Ukraine's Political Crisis and U.S. Policy Issues

In 2004, many observers believed that Ukraine was at a key period in its transition that could shape its geopolitical orientation for years to come, in part due to presidential elections held on October 31, November 21, and December 26, 2004. In their view, Ukraine could move closer to integration in Euro-Atlantic institutions, real democracy and the rule of law, and a genuine free market economy, or it could move toward a Russian sphere of influence with “managed democracy” and an oligarchic economy. For the past decade, Ukraine’s political scene had been dominated by President Leonid Kuchma and the oligarchic “clans” (regionally based groups of powerful politicians and businessmen) that have supported him. The oligarchs chose Prime Minister Viktor Yanukovych as their candidate to succeed Kuchma as President. The chief opposition candidate, former Prime Minister Viktor Yushchenko, was a pro-reform, pro-Western figure seen by many observers as a man of high personal integrity.

International observers criticized the election campaign and the first and second rounds of the election as not free and fair, citing such factors as government-run media bias in favor of Yanukovych, abuse of absentee ballots, barring of opposition representatives from electoral commissions, and inaccurate voter lists. Nevertheless, Yushchenko topped the first round of the vote on October 31 by a razor-thin margin over Yanukovych. Other candidates finished far behind. After the November 21 runoff between the two top candidates, Ukraine’s Central Election Commission proclaimed Yanukovych the winner. Yushchenko’s supporters charged that massive fraud had been committed. They blockaded government offices in Kiev and appealed to the Ukrainian Supreme Court to invalidate the vote as fraudulent. The court did so on December 3, calling for a repeat of the second round on December 26. Yushchenko won the December 26 re-vote, with 51.99% of the vote to Yanukovych’s 44.19%. After several court challenges by Yanukovych were rejected, Yushchenko was inaugurated as President of Ukraine on January 23, 2005.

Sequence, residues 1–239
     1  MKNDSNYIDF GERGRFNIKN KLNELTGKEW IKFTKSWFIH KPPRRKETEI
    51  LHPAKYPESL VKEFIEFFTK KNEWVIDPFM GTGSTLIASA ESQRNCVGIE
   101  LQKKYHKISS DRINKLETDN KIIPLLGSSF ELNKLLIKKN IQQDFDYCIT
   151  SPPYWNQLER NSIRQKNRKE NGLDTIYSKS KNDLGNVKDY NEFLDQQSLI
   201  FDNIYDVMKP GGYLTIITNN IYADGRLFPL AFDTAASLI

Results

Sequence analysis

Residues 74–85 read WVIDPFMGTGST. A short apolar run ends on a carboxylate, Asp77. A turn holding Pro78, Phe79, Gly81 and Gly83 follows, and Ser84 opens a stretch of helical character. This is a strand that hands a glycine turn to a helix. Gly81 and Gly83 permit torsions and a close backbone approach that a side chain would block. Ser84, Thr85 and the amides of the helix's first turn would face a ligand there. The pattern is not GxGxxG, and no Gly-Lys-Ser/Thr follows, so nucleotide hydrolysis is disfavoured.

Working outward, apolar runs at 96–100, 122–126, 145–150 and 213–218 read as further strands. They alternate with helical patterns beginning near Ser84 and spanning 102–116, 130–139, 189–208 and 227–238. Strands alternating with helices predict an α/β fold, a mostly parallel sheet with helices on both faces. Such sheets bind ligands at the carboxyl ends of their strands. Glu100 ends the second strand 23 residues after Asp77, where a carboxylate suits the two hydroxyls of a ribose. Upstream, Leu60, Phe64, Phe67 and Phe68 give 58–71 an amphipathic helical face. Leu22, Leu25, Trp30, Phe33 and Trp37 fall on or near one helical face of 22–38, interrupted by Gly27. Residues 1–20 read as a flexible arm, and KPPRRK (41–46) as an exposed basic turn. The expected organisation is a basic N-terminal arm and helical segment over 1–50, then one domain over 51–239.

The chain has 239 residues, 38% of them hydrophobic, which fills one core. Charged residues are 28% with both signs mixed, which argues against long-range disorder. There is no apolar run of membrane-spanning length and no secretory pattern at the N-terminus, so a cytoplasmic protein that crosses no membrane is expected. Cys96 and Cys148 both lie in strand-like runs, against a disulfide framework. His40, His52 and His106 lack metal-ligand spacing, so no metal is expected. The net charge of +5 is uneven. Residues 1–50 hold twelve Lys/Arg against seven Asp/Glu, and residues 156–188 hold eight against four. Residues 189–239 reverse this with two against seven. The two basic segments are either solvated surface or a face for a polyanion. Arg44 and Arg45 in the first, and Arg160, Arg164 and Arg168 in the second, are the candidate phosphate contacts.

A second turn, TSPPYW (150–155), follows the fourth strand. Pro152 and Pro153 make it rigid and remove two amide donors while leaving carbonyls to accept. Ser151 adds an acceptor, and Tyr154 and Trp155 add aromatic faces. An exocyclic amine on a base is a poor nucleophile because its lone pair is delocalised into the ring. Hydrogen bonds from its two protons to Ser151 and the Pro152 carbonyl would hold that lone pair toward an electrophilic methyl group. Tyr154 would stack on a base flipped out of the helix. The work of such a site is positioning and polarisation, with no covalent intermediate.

The European Union and the United States strongly denounced electoral fraud in Ukraine in the first two rounds, and hailed the largely free and fair conduct of the repeat vote. In contrast, Russian President Vladimir Putin openly backed Yanukovych and publicly congratulated him on his “victory” soon after the second round vote. Russian officials have charged that the United States and the European Union’s charges of electoral fraud were an attempt to bring Ukraine under western influence. U.S. policymakers must tackle such difficult issues as how to promote democracy in Ukraine, Ukraine’s possible troop withdrawal from Iraq, and U.S.-Russian tensions over Ukraine’s future geopolitical orientation.

The 109th Congress adopted legislation on the Ukrainian elections. H.Con.Res. 16 and S.Con.Res. 7 congratulated Ukraine for its commitment to democracy and its resolution of its political crisis in a peaceful manner, and pledged U.S. help to Ukraine’s efforts to develop democracy, a free market economy, and integrate into the international community of democracies. This report will not be updated.